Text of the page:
Freemail services should offer support for a one time fee

Discussion in 'General' started by Big Dan, Jan 7, 2012.

  1. Big Dan

    Big Dan EQ Forum Moderator Staff Member

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    I'm just thinking out loud here. All the issues we see here with Hotmail, Yahoo, etc. could easily be fixed by a level 1 tech. Would if Hotmail offered account recovery help over the phone for a nominal fee of say $9.99?

    Think about it you'd weed out the scammers/hackers because they aren't likely to pony up the dough just to get into someone else's account. It'd be another revenue stream (not that MS is broke) and users could actually get help and have positive feelings toward the service.
     


  2. foggy

    foggy Valued Member

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    Hi, Dan

    Happy New Year !

    As long as we're thinking out loud here, maybe these companies could treat your option above as Stage 2. Maybe Stage 1 would be having a mandatory upgrade of ALL free accounts: Charge everyone $1/yr for the service and require a cell phone number. That puts their CC on record and, if the account gets compromised, the user 1) informs the service and 2) gets an automated call to the cell phone asking for proof of account ownership by requesting the user to punch in the last 4 CC digits.

    Would that Stage 1 recovery tactic successfully restore most of the accounts to their proper owners, leaving more difficult issues to be handled by your Stage 2 ?

    Just wondering.....
     

  3. Big Dan

    Big Dan EQ Forum Moderator Staff Member

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    Thanks Froggy. Happy New Year to you too! :)

    That sounds good in theory but in practice but that $1 charge would kill off millions of accounts. That means less eyeballs on ads and the less Hotmail is able to support itself. It might even lead to slippery slope where Hotmail has to charge more to make up for lost ad revenue. Microsoft could run it for free without ad revenue at all it certainly won't break their bank but it is a business afterall.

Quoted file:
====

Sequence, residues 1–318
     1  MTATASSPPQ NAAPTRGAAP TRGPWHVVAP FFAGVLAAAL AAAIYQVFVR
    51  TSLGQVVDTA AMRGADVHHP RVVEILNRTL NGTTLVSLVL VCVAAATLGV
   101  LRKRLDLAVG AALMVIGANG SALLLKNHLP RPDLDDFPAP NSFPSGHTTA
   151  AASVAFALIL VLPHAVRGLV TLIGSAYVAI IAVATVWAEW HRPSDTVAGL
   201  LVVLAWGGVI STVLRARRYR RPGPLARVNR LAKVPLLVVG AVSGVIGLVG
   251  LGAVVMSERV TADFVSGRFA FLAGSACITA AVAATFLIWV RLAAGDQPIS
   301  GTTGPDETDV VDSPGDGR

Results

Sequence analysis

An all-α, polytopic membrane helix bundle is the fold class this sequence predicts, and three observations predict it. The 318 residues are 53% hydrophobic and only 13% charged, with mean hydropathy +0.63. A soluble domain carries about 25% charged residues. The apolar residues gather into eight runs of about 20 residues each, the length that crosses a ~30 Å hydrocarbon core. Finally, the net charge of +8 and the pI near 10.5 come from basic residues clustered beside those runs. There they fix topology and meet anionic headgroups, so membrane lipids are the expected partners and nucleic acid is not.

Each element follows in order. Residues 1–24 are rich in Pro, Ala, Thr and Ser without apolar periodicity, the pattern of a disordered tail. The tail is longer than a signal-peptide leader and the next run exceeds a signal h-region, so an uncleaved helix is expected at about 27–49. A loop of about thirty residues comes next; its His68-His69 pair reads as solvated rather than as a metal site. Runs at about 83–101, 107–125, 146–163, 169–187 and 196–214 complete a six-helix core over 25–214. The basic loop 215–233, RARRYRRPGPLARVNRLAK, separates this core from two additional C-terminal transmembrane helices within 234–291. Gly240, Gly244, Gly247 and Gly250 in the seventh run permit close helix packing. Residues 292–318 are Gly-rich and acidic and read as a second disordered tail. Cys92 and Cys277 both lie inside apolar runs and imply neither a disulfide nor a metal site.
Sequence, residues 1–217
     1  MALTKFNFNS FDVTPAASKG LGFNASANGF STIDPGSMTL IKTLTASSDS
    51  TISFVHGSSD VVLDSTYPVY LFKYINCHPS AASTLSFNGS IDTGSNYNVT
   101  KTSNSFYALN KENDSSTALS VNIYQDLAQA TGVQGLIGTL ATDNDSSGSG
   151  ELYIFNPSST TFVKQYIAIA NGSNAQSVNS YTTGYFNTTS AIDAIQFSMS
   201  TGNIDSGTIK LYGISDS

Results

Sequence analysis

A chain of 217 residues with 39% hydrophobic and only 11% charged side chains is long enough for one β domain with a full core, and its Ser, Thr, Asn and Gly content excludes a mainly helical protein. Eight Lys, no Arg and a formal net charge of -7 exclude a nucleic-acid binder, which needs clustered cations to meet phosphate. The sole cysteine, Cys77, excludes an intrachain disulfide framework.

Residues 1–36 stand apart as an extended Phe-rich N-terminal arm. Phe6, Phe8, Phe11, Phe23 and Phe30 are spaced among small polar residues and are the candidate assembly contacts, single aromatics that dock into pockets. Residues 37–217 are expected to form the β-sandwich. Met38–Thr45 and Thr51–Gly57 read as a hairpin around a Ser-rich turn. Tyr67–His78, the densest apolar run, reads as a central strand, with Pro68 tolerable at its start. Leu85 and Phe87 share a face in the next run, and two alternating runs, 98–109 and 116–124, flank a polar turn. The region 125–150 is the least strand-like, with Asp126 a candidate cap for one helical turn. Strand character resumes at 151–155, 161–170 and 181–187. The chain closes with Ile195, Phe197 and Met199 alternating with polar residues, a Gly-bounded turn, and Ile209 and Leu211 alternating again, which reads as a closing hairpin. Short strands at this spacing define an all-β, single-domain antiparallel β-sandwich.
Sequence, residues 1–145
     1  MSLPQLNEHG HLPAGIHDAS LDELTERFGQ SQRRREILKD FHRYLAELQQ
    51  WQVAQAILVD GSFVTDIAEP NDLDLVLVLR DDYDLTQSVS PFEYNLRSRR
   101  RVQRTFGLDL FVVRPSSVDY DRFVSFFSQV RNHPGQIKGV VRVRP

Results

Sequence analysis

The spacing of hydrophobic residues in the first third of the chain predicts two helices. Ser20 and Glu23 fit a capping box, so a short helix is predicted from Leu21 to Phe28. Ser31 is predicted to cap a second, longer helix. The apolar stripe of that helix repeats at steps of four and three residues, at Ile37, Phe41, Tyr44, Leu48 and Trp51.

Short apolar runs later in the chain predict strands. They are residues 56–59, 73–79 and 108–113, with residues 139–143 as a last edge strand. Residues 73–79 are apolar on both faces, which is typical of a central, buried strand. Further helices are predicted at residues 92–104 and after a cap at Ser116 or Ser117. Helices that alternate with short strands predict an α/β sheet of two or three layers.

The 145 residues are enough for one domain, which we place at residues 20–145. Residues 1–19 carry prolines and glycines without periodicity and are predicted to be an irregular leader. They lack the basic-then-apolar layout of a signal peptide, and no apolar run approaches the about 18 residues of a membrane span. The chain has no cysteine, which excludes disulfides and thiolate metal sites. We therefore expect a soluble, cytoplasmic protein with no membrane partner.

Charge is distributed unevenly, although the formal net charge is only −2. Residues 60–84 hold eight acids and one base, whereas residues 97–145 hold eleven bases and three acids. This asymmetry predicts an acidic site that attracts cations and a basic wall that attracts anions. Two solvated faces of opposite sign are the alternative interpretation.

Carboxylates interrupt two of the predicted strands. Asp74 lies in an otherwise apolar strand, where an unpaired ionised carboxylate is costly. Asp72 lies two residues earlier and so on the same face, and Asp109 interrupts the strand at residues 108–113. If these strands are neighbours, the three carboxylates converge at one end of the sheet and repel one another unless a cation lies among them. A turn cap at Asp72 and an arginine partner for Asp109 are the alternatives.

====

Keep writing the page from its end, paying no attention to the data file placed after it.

4. foggy

    foggy Valued Member

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    Hi, Dan

    Good points.

    However, I wasn't actually thinking of the $1/yr as including an ad-free experience, but more along the lines of the $1 charge being for the peace of mind of the account owners, knowing that they would have (perhaps) an easier time of reclaiming their accounts in the event of compromise if their CC information was "on the books." No, I really wouldn't expect Hotmail to reduce the ads for a mere $1/yr. So, there wouldn't have to be anything that affects Hotmail revenue.

    (Besides -- shhhh... this is a secret -- I use the webmail ad blocker extension for FF, Opera and Comodo Dragon [Chrome], so I don't see the ads anyway. ;) )
     
  5. popowich

    popowich EQ Forum Admin Staff Member

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    Even with a credit card you'd still need some other form of identification. It would be nice if consumers also had something in their possession to help identify themselves and protect their accounts. I'm not saying everyone should be required to pony up for an RSA token, but devices like that, YubiKey, and/or the cell phone used to register the account, are nice options at the moment. I use 2-form whenever possible, including Facebook and Google logins. I've been using RSA for over 10 years so adding Google Authenticator for my Gmail services wasn't much of a leap or inconvenience.

    In areas where devices are not available holding a picture of your photo ID when you create the account, and again holding it in a current picture when trying to recover it might be acceptable?

    Last I knew Yahoo free support would accept a faxed copy of a drivers license as proof of identity. Microsoft accepts having knowledge of what existed in an account before it was compromised as part of proof of identity.

    I don't think charging for support to recover a compromised account is terrible (unless the situation repeats often) but the proof of identity problem also needs to be fixed before they are able to charge for such a service.
     

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